Camping Gear Guide
Backpacking Stoves

Optimus Polaris Optifuel Stove


Product Details

The Optimus Polaris Optifuel Stove is an ISPO award winner in the Outdoor Stove category and there's no question as to why. This stove raises the bar for all other camping stoves because of its insane versatility and ease of use. Don't fret if you only packed one type of fuel--the Polaris Optifuel utilizes Single Jet Technology, meaning both LPG gas canisters and liquid gas (kerosene, diesel, jet fuel and white fuel) are compatible without having to change anything on the stove. The Polaris also comes prepared with the MAGIC cleaning needle, which allows you to quickly clean the stove--even while cooking. After whipping up a meal for the whole camp and the weather takes a turn for the worse, it doesn't mean you have to go without some post-meal coffee. Just set up the heat reflector windscreen, flip the LPG canister upside down, and engage 4-season mode to increase the heat output, so you can boil water, even in rapidly dropping temps. If you're racing daylight to make a meal, the patented quick-priming burner cuts down on pre-heating time and allows water to boil in just four minutes. When you're done cooking, the self-purging FLIPSTOP pump safely clears the burner of fuel and depressurizes the fuel bottle, permitting you to safely dismantle it before loading it back in the stuff bag.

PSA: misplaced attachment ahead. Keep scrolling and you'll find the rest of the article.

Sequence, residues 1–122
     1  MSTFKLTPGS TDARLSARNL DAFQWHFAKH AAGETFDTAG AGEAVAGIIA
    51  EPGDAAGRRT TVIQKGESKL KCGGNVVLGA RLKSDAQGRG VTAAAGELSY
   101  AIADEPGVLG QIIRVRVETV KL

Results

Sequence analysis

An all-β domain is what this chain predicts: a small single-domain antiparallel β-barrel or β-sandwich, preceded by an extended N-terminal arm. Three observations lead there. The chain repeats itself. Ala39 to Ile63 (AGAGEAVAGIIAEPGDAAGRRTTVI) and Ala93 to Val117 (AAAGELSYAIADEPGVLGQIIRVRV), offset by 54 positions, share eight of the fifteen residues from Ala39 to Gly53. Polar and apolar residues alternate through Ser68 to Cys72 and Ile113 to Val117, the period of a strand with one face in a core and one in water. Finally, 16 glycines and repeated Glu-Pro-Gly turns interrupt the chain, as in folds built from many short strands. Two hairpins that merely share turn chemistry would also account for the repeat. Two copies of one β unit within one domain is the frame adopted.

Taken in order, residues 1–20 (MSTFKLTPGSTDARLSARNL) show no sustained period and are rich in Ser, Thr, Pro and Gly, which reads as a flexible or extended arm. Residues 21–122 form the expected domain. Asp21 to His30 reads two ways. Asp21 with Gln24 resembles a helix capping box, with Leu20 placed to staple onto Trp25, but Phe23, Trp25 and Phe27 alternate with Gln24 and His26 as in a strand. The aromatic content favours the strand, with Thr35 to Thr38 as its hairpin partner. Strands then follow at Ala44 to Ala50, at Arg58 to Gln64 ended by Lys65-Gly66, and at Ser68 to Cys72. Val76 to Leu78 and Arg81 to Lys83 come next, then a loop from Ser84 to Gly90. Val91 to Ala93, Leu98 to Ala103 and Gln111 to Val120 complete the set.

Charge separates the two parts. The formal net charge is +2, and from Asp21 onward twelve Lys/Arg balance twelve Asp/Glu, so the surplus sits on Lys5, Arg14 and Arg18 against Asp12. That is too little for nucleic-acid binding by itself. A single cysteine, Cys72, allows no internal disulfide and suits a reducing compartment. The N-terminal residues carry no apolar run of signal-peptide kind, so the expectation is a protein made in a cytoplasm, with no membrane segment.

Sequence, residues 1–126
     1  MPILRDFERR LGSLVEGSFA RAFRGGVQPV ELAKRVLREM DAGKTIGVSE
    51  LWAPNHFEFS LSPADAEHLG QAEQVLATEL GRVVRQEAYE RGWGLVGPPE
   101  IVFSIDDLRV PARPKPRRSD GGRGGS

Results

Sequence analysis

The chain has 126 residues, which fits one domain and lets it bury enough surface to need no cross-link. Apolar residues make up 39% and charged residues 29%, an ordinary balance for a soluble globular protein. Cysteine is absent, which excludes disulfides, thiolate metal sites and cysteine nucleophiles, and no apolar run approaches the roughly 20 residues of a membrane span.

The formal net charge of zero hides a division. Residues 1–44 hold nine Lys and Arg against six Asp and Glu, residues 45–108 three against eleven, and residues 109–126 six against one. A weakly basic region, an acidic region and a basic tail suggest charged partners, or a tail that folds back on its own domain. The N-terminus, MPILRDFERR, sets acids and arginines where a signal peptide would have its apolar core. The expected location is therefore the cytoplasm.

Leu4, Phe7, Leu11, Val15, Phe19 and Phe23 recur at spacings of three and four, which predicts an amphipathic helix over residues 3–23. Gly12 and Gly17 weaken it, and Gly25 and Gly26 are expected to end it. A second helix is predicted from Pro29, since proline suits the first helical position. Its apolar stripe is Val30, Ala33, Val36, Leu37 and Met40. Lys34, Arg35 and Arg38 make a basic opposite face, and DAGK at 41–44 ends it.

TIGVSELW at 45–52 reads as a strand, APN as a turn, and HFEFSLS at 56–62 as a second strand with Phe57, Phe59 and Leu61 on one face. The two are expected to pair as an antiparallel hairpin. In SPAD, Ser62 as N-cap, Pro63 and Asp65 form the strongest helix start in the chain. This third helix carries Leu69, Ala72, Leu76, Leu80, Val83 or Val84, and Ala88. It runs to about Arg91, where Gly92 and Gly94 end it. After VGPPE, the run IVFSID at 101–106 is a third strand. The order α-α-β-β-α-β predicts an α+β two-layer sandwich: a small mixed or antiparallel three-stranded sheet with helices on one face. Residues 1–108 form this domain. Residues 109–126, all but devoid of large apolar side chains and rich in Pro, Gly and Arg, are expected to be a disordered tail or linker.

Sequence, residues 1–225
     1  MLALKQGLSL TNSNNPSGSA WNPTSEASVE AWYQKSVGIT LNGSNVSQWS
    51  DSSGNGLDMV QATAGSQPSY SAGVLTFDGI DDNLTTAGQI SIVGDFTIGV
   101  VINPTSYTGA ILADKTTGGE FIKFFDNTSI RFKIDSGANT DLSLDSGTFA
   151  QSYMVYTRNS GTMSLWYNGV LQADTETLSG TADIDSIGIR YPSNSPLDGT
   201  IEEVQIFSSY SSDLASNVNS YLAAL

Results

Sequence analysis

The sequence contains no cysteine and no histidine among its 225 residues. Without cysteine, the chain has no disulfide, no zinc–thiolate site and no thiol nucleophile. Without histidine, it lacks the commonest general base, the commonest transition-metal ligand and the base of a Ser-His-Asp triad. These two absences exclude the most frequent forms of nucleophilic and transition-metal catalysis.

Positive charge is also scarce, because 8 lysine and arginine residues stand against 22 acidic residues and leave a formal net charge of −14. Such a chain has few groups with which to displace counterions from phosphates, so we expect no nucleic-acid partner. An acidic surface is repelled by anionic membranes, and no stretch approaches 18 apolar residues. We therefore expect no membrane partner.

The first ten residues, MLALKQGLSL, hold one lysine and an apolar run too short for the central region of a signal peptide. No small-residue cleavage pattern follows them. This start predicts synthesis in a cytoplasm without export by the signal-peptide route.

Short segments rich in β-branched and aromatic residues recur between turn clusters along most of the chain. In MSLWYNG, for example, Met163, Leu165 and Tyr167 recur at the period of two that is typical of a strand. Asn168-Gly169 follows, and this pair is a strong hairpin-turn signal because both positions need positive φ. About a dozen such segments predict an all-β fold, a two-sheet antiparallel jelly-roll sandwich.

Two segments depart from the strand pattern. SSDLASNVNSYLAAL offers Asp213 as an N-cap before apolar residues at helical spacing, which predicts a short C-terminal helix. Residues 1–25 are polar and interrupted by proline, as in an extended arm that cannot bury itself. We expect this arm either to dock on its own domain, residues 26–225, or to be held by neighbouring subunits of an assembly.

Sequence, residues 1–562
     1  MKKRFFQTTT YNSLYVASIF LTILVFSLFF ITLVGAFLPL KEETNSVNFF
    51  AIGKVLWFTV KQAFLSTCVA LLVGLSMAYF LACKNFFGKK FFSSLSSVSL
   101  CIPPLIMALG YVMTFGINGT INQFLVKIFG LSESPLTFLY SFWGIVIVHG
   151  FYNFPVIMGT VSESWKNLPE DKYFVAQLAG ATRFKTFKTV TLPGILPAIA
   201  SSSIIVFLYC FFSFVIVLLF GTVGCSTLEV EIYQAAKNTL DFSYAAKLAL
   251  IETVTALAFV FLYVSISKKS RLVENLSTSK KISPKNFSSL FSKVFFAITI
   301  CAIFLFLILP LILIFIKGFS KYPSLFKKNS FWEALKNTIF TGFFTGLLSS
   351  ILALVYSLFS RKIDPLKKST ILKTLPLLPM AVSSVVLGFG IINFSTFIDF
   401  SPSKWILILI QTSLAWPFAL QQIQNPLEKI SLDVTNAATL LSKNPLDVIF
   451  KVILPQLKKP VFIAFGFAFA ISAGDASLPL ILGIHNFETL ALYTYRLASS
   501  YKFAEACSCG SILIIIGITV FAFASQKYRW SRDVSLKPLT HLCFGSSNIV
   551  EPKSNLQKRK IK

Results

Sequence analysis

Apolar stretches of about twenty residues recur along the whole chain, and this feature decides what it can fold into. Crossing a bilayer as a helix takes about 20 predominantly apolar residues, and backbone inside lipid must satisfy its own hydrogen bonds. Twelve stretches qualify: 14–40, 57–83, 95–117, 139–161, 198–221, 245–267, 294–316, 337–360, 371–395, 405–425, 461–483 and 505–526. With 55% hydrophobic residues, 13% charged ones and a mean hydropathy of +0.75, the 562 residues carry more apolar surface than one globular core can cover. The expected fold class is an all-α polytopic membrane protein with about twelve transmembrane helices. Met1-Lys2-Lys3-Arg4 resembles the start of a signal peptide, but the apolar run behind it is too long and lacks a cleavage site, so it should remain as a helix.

Price : $ 179.95


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Camping Stoves Checklist

What Type of Stove? For general campground use, get a campground/propane stove. They are far easier to cook with, and have more options, than a backpacking stove.
Fuel Type? A dual fuel stove is always handy, especially for a backpacking stove. However, for general camping use with a campground/propane stove, it's still hard to beat propane. You can buy propane canisters nearly anywhere.
For Backpacking... My preference are liquid fuel stoves. They are more versatile and fuel costs are lower. Still, there are some advantages to canister stoves...especially if you don't mind the higher fuel cost that goes with them.
Don't Invite the Bears to Dinner! When in Montana or Yellowstone Park, the number #1 way to invite a bear to dinner is to leave your stove (and pots/pans) lying around right after cooking. So...don't be lazy. Clean-up once you're done cooking and put your stove in your vehicle.

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